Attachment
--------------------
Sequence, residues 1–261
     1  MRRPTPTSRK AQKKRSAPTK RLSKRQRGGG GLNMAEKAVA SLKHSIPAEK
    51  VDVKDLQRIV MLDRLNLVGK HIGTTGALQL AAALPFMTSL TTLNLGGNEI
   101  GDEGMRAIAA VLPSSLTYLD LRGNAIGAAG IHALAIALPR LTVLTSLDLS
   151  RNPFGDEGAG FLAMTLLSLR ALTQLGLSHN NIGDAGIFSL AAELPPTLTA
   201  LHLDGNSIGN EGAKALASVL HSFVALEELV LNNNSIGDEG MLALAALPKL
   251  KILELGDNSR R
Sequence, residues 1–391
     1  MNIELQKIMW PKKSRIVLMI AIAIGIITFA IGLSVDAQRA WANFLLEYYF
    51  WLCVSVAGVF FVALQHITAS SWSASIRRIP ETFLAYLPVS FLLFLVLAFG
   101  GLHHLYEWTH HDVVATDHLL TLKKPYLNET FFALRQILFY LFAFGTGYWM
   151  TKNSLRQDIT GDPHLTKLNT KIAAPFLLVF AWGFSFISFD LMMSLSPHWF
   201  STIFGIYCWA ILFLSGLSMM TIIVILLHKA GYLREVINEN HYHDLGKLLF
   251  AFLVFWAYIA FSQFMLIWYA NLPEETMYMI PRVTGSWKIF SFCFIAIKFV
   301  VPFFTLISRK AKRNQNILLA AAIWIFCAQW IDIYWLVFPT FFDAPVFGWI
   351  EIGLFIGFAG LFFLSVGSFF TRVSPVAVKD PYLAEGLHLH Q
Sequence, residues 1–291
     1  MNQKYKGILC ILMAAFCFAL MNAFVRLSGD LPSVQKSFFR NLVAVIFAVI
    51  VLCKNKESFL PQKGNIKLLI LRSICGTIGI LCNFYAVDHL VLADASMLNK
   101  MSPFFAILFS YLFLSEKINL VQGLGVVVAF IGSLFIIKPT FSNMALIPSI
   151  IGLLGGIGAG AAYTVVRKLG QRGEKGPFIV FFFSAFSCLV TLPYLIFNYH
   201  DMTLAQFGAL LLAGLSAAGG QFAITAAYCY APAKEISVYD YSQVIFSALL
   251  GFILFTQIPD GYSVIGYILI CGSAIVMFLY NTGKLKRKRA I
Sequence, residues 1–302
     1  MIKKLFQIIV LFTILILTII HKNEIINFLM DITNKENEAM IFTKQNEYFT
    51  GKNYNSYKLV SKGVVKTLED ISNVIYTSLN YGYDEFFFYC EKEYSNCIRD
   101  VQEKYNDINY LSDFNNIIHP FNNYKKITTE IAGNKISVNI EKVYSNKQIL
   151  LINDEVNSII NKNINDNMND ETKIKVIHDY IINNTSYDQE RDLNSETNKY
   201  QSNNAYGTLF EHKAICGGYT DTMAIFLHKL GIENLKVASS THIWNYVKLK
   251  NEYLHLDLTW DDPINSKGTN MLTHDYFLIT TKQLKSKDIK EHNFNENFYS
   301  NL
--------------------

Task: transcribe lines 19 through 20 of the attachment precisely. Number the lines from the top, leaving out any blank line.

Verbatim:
    51  VLCKNKESFL PQKGNIKLLI LRSICGTIGI LCNFYAVDHL VLADASMLNK
   101  MSPFFAILFS YLFLSEKINL VQGLGVVVAF IGSLFIIKPT FSNMALIPSI